382 pages, 124 b/w illustrations, 81 tables
Forestry Economics introduces students and practitioners to all aspects of the management and economics of forestry. The book adopts the approach of managerial economics textbooks and applies this to the unique processes and problems faced by managers of forests. While most forestry economics books are written by economists for future economists, what many future forest and natural resource managers need is to understand what economic information is and how to use it to make better business and management decisions. John E. Wagner draws on his twenty years of experience teaching and working in the field of forest resource economics to present students with an accessible understanding of the unique production processes and problems faced by forest and other natural resource managers.
There are three unique features of this book:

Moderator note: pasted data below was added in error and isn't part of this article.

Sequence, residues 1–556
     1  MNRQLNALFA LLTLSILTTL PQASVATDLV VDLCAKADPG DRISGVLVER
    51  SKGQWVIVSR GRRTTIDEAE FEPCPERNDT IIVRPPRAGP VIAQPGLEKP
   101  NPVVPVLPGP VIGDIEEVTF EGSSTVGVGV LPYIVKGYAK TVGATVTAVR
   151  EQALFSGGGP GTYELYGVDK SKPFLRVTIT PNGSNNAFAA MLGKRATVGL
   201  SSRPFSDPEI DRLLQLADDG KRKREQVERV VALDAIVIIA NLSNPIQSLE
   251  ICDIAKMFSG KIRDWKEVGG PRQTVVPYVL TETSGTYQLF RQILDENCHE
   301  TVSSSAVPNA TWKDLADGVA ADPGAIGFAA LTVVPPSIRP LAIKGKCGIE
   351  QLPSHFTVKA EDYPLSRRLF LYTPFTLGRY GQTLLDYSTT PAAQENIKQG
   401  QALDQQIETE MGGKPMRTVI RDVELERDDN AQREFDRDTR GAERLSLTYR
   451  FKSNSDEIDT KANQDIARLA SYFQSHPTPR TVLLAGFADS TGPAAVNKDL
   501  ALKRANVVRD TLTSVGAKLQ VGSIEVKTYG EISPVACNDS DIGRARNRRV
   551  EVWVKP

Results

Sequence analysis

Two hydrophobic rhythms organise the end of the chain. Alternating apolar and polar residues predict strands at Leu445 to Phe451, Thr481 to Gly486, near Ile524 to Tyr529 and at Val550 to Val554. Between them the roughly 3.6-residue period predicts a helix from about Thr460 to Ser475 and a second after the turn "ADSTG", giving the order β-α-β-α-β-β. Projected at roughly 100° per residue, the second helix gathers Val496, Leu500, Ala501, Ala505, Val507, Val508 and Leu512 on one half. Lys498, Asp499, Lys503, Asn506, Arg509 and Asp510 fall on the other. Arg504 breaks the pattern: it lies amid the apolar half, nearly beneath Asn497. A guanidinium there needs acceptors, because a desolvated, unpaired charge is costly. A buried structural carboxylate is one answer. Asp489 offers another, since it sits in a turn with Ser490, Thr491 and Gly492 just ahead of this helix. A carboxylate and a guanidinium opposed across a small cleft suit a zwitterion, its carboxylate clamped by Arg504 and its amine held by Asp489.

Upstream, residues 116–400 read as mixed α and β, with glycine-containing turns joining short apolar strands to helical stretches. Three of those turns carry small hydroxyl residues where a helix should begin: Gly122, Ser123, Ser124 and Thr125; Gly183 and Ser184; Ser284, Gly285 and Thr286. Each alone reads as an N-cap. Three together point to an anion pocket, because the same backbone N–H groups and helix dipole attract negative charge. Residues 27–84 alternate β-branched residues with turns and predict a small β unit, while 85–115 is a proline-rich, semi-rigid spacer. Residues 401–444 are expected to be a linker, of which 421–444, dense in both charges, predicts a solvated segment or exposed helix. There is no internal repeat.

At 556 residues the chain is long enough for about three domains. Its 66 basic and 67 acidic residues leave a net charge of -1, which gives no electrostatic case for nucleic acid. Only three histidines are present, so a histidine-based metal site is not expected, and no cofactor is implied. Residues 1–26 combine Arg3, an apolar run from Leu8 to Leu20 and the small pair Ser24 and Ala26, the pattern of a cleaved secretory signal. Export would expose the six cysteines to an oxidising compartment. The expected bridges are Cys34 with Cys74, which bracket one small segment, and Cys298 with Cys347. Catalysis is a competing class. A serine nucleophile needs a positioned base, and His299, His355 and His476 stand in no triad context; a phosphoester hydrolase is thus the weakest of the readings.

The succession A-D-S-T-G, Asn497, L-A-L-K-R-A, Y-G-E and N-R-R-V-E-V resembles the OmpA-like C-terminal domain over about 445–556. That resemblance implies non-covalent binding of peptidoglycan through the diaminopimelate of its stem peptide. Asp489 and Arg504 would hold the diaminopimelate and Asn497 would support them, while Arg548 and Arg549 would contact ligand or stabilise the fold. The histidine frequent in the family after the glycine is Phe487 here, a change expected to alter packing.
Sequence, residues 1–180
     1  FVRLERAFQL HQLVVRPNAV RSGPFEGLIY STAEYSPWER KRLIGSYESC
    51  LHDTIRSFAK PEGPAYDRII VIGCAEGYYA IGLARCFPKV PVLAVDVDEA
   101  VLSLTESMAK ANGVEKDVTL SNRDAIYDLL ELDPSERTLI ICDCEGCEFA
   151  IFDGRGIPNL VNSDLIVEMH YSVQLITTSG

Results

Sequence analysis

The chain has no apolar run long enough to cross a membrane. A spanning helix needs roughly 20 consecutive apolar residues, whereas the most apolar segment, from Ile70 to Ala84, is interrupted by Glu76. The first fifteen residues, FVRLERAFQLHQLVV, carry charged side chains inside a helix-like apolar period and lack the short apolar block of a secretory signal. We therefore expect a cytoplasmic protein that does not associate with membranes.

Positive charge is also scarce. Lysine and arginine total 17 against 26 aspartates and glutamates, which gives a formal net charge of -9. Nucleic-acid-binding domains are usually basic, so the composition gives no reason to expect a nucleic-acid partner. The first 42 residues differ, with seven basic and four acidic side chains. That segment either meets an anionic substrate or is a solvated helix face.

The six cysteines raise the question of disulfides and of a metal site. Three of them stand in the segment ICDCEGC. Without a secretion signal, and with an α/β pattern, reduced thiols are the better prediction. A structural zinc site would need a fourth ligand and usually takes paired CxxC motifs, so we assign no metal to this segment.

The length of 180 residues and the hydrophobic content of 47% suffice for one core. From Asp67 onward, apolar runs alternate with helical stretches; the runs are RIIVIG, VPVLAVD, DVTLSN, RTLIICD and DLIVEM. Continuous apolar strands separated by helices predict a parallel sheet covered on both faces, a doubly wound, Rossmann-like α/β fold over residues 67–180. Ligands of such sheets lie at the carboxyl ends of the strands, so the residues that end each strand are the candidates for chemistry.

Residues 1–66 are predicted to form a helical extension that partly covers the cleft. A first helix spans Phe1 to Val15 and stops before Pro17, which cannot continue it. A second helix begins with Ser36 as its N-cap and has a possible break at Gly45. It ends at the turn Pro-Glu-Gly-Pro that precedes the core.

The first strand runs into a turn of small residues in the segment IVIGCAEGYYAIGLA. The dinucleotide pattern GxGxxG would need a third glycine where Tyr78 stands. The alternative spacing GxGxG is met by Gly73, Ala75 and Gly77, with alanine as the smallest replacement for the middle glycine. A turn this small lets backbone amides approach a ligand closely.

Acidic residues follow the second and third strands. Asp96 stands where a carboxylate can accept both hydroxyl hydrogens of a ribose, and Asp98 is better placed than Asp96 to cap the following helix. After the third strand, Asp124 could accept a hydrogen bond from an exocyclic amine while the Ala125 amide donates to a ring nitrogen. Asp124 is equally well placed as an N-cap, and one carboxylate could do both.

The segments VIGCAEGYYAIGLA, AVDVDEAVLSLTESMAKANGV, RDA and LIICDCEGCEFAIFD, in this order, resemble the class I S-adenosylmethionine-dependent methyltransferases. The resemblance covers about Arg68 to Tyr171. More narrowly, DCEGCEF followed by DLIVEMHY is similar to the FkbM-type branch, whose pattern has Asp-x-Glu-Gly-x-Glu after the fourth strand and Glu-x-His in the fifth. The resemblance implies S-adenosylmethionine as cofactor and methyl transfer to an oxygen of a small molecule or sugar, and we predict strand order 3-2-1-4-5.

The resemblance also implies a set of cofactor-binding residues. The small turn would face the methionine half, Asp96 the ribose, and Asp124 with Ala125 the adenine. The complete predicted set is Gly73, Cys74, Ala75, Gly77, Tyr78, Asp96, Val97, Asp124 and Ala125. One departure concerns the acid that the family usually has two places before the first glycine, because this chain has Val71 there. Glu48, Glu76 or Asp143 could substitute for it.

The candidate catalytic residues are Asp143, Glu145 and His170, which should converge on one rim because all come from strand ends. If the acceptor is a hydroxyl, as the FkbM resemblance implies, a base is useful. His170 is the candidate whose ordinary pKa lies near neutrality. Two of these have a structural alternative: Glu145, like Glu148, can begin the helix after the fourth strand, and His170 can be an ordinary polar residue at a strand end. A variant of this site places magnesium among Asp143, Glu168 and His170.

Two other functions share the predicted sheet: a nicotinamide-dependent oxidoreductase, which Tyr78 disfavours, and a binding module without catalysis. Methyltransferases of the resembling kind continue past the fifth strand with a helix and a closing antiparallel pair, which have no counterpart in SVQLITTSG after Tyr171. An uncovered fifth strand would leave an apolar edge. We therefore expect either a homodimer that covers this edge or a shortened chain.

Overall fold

- The first is its organization. The material is organized around two common economic models used in forest and natural resources management decision making.
- The second is the use of case studies from various disciplines: Outdoor and Commercial Recreation, Wood Products Engineering, Forest Products, and Forestry. The purpose of these case studies is to provide students with applications of the concepts being discussed within the text.
- The third is revisiting the question of how to use economic information to make better business decisions at the end of each chapter. This ties each chapter to the preceding ones and reinforces the hypothesis that a solid working knowledge of these economic models and the information they contain are necessary for making better business decisions.
Forestry Economics is an invaluable source of clear and accessible information on forestry economics and management for not only economics students, but for students of other disciplines and those already working in forestry and natural resources.
2. Production systems
6. Supply and Demand
7. Market Equilibrium and Structure
8. Capital Theory: Investment Analysis
9. The Forest Rotation Problem
10. Capital Theory: Risk
11. Forest Taxes
12. Estimating nonmarket values
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John E. Wagner is Associate Professor of Forest Resource Economics at the State University of New York College of Environmental Science and Forestry in Syracuse, USA.